A major pediatric research priority and the long-term goal of our laboratory is the identification of the etiology and pathogenesis of Kawasaki Disease (KD), the leading cause of acquired heart disease in children in developed nations. KD can result in coronary artery aneurysm (CAA) formation with resultant myocardial infarction and/or sudden death. Clinical and epidemiologic data are consistent with an infectious cause of KD, but the etiologic agent has proven difficult to identify. Our data support the likelihood that a "new" virus that enters through the respiratory tract and infects bronchial epithelium, traveling in macrophages to targeted tissues including coronary arteries, is the cause.
Anne Rowley, MD
ETIOLOGY AND PATHOGENESIS OF KAWASAKI DISEASE (KD)
Our exciting preliminary data indicate that children with KD produce antibodies to a specific protein at 2-3 weeks after the onset of the illness; this protein is most likely derived from a previously unrecognized “new” virus. This is the most compelling evidence regarding an etiology of KD that has emerged in more than 50 years since Dr. Tomisaku Kawasaki described the clinical features of this illness. We are working to define the complete genome of this virus, which will be critical for the development of a diagnostic test and improved therapy.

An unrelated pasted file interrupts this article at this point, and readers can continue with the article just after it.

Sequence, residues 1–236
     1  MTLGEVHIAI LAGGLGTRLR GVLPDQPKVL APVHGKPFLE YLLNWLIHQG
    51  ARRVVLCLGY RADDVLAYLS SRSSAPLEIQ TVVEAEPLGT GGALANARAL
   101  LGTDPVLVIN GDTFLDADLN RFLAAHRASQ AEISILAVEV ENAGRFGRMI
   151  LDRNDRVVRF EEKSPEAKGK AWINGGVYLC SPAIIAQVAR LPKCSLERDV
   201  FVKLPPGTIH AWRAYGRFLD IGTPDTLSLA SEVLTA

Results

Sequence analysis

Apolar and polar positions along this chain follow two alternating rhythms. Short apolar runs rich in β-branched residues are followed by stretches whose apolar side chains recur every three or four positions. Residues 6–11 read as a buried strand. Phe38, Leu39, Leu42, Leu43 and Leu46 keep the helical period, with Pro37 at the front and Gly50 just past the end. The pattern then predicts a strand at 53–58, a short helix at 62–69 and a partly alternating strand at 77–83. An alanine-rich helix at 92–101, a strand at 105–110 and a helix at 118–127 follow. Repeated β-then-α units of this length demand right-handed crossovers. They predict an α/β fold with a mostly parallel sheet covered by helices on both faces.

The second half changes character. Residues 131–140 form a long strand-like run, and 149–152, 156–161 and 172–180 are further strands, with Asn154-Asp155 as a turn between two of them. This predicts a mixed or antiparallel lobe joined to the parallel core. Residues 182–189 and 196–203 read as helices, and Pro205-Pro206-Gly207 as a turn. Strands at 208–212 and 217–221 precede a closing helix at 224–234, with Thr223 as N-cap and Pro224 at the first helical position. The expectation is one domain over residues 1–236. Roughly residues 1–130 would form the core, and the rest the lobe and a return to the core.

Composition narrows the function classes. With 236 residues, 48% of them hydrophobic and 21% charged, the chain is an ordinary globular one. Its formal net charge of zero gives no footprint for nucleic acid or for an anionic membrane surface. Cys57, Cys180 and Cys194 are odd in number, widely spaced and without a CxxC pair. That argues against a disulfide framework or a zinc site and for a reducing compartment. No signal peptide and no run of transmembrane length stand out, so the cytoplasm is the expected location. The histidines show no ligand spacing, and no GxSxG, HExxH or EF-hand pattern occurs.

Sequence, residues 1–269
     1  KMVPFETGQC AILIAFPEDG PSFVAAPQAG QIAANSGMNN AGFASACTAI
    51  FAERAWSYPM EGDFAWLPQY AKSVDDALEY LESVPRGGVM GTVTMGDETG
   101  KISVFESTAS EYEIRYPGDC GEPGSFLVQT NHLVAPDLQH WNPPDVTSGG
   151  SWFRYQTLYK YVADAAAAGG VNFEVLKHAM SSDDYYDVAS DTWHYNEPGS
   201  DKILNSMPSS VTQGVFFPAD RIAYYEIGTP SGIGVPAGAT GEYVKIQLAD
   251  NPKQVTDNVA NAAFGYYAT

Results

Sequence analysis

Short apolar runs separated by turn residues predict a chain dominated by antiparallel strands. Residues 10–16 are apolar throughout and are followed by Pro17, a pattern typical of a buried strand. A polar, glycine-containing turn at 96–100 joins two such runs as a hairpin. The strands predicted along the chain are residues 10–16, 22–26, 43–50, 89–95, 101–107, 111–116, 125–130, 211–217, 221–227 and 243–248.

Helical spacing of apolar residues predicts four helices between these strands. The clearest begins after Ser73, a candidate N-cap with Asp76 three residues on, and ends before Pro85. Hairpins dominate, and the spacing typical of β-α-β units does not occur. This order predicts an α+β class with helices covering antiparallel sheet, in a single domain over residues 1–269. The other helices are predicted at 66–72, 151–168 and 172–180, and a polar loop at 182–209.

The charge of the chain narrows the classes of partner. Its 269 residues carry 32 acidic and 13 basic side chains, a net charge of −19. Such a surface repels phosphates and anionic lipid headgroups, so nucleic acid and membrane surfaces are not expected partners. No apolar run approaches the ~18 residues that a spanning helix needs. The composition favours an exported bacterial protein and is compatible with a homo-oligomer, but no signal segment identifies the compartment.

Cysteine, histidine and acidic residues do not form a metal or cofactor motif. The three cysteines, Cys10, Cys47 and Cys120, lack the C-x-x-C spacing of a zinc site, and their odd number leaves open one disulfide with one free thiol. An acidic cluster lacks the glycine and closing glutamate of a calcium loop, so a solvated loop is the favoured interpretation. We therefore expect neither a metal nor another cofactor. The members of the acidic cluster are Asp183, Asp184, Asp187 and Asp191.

CLONING THE PLASMABLAST RESPONSE TO ACUTE INFECTIONS
We are cloning the peripheral blood plasmablast response at 1-2 weeks following Kawasaki disease and preparing monoclonal antibodies from the clonally related plasmablasts obtained from KD patients. We are also interested in cloning and expressing the plasmablast response to other infectious diseases, to allow for discovery of the antigens that stimulate protective antibody responses to these human pathogens.
Anne Rowley, MD, is the Dorothy M. and Edward E. Burwell Professor in Immunobiology at the Stanley Manne Children's Reserach Institute. She specializes in pediatric infectious diseases and is widely recognized for her expertise in caring for children with serious infections, and particularly children with Kawasaki disease. Dr. Rowley leads the Kawasaki Disease Center at Ann & Robert H. Lurie Children’s Hospital of Chicago, which is supported by Kawasaki disease parents and friends, the Max Goldenberg Foundation, and the National Institutes of Health. Her laboratory is committed to understanding the pathogenesis of Kawasaki disease and developing better diagnosis, treatment, and prevention of the illness.